The Parent Centre’s Approach to Discipline

Discipline is a process and not something you take out of a cupboard when a child misbehaves. It is part of our relationship with the child and involves communication on a daily basis. It is thus important to remind oneself constantly, before acting, “What would I be teaching my child if I said or did this?

Discipline is not equal to punishment. Consider the root of the word. It .is derived from the Latin word “discere” which means to teach. The word disciple comes to mind. The disciple (child) follows the leader (the parent)

Parents are their children’s most important teachers, guiding and limiting behaviour when it is not acceptable. They have the right to set limits on children’s behaviour and children need to know that their parents are in charge.

The parent’s responsibility to TEACH is just as important as the child’s responsibility to BEHAVE APPROPRIATELY.

Not all problems are discipline problems. Sometime a problem disappears when we

When children misbehave, they are sending messages that need to be decoded,

A discipline problem is not a battle that we need to win, nor is it a situation in which we need to prove that we are stronger. Our aim is to teach children ultimately to develop self-control.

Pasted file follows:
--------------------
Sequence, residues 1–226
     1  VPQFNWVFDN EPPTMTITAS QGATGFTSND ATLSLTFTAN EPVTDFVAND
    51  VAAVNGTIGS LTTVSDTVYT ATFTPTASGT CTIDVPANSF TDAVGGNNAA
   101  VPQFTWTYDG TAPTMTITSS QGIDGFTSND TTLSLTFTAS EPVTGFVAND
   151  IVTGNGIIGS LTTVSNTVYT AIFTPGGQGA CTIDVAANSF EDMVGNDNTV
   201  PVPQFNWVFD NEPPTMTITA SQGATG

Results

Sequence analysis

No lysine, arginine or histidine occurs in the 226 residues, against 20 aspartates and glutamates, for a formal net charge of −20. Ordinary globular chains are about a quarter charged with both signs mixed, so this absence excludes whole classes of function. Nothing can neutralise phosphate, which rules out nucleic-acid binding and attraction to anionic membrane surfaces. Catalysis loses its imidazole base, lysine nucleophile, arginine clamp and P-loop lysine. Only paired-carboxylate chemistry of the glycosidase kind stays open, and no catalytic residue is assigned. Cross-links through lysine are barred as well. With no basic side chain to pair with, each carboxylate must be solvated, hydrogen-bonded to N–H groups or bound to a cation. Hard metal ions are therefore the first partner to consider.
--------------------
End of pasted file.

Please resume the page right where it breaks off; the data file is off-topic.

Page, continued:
An important feature of the discipline process is our own self-control, so stand back and think.

Being in control and calming ourselves with helpful self-talk is the most important stage of the discipline process. This is how we establish our sense of authority and direction.

So often discipline has involved getting caught up in power struggles and doing a great deal of pleading at first, followed by yelling, threatening and sometimes hitting as a result of frustration.

Don’t take children’s bad behaviour personally. Each time you say to yourself “why is she doing this to me?” (This is negative self-talk), your feelings are automatically involved and you are on the wrong track. Instead we need to say to ourselves: “I don’t like this behaviour and I am going to do something about it” (positive self-talk).

When we learn to stand back and think about what is going on and then act we will become far more effective.

The key issue in dealing with children’s behaviour effectively is NEUTRALITY. Effective responses come from thinking, not from reacting emotionally or instinctively, remember you are the adult.


The Parent Centre

Helping children through positive parenting


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